A burned-out war photographer returns to Japan and passively incites unstable people into committing acts of violence so he can be on hand to take photographs, trying to recapture the moment of death he experienced in war zones…

A psychopathic hitwoman discovers the donor of her new heart is the woman who loved and lost Ida, and becomes haunted by her emotions and memories. She goes on a murderous rampage to eliminate this “weakness” by targeting her family and eventually Ida, forcing him to face the existential abyss that passes for his life…

a7This was a series that walked the walk. As it progressed, Takahashi’s art and storytelling skills evolved from the early shoujo-romance style to an increasingly angular and expressionistic brush-based technique, with broader and deeper shadows seeping into the widescreen-style compositions. He also refined his knack for the perfect moment to introduce a panel that pushed the use of cinematic pauses and silences to the fullest that would get under the reader’s skin. His use of contrasting close-ups and wide shots became more oblique and abstract, time became elastic and compressed depending on the rhythms of the plot, and the harsh visual juxtapositions made the mood even more intense and mournful. It was as if the darkness was literally rising up in unruly waves and slashes and threatening to swallow the characters as they got exposed to more and more horrors. By the time the series was past its half-way mark, it had become one of the most distinctive comics anywhere. Just showing a few panels and pages here doesn’t do the stories justice. You have to read the whole stories to get the cumulative effect from the marriage of form and content.The series isn’t currently published in the US. Back when Tokyopop was Mixxmag, they brought out three volumes of the earlier stories under the title ICE BLADE in a botched release that vanished without trace. With the US manga audience mostly centered on a kid-friendly and teenage female readership and J-Pop lifestyle, it seems unlikely JIRAISHIN will be properly released in English anytime soon, especially when you consider how jarring the early art is in contrast to the art in the latter half of its run, when the series finally hit its stride. Then there’s also the sheer relentless, merciless grimness of the stories themselves… It’s one of the few popular manga not to have an anime or live action adaptation, but I can’t say that surprises me.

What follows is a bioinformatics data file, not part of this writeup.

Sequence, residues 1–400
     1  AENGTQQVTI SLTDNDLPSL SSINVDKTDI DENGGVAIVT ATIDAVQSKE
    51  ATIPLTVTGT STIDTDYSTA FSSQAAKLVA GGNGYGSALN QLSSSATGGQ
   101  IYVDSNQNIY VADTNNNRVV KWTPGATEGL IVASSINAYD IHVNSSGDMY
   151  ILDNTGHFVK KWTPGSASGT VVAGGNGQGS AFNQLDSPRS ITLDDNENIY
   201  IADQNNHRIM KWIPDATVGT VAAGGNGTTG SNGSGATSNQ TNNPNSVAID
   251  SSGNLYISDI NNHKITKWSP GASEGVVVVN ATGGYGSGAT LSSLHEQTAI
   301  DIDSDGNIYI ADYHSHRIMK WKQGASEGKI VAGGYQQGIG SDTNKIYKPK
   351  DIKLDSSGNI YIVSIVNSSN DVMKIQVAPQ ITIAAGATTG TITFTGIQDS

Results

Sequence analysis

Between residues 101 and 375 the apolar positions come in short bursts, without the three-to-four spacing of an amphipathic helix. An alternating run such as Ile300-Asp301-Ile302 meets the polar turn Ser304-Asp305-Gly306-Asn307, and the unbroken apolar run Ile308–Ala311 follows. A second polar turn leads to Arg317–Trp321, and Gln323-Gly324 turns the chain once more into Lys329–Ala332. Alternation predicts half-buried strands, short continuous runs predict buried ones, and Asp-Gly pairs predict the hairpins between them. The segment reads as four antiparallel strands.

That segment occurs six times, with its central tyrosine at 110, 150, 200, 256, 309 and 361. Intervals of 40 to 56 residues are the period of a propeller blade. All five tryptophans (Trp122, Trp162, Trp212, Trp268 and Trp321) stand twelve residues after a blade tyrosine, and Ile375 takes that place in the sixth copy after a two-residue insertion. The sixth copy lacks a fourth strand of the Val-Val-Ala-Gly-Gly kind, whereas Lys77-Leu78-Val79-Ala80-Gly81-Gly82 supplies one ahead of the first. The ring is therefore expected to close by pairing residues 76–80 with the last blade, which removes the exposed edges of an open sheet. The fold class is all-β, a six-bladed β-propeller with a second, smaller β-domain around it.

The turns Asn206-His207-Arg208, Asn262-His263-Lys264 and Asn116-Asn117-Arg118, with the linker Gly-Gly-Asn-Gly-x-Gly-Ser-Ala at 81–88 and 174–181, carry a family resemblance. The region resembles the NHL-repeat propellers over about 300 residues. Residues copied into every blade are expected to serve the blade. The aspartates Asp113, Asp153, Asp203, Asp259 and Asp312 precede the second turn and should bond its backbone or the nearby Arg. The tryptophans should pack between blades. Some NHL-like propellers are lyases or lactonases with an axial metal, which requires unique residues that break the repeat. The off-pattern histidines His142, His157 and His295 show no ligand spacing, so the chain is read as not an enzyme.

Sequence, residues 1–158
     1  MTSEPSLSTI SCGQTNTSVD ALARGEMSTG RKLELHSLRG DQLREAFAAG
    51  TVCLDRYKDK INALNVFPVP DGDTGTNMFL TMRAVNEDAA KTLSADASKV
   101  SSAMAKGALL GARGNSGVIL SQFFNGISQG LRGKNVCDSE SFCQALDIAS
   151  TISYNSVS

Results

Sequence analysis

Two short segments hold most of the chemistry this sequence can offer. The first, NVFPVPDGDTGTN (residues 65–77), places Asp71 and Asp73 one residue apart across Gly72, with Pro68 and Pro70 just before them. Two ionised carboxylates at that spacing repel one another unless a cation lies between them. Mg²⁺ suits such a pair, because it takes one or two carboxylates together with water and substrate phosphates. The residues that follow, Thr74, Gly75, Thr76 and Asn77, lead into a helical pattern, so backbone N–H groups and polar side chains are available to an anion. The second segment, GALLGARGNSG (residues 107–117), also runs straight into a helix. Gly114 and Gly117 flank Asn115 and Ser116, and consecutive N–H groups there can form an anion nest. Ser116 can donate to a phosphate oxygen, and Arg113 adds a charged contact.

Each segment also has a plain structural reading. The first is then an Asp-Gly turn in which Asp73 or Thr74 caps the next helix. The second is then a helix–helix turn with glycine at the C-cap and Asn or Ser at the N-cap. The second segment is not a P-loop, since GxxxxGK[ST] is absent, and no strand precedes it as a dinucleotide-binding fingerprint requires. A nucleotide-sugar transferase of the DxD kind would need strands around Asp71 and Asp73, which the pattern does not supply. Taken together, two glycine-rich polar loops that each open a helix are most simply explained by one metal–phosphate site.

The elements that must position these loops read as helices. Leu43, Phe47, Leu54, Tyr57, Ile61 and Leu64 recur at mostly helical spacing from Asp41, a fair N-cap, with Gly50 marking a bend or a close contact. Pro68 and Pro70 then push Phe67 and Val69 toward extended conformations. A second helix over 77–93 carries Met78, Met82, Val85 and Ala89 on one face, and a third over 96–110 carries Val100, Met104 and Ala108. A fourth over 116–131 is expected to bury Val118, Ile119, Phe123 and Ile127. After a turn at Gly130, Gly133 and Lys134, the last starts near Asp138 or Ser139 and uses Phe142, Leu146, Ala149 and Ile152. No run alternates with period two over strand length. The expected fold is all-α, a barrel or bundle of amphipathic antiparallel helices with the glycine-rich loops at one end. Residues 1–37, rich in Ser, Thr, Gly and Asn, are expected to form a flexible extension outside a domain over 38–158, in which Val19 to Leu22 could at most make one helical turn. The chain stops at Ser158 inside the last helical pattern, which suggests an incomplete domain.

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Interestingly, the closest parallel we’ve had to JIRAISHIN has been the recently-cancelled TV series LIFE, with its mysterious ex-con cop hero who’s more dangerous than the perps he pursues. Like Ida, Charlie Crews is a killer with a badge. The only difference is that Crews hides his damage behind a cheery façade, and not even Crews is anywhere as dark or doomed as Ida.

And now, after spending the last ten years tackling Science Fiction, supernatural horror, sports, history, teenage dellquent and samurai manga, Takahashi has returned to the character that put him on the map and begun a sequel series JIRAISHIN DIABLO. Seven volumes have already been collected. I imagine enough fucked-up things have occurred in the interim for Takahashi to re-deploy Kyoya Ida, his angel of death with a badge. You can read fan translations of the complete run of the original series at places like One Manga.

a9Any comics creator interested in making crime and noir stories should read JIRAISHIN to see just how high the bar has been set, and learn some new tools for telling stories. It certainly didn’t hurt Frank Miller when he closely studied Koike and Kojima’s LONE WOLF AND CUB about 30 years ago.

This should conclude what’s turned out to be a three-part discussion of the crime genre that I’ve been grappling with for the last few weeks. I’ll probably go back to being snarky and frivolous about something else next week.

Not despairing, nope, not at all, at lookitmoves@gmail.com

© Adisakdi Tantimedh

Jiraishin © Tsutomu Takahashi and Kodansha Ltd.

a10

I don’t think THE HUNTER is a step forward in crime comics because 1) it’s an adaptation of a novel written in the 1960s, and 2) its look and tone are extremely retro in its depiction of old school pulp imagery in a partial throwback to EC’s crime comics of the 1950s.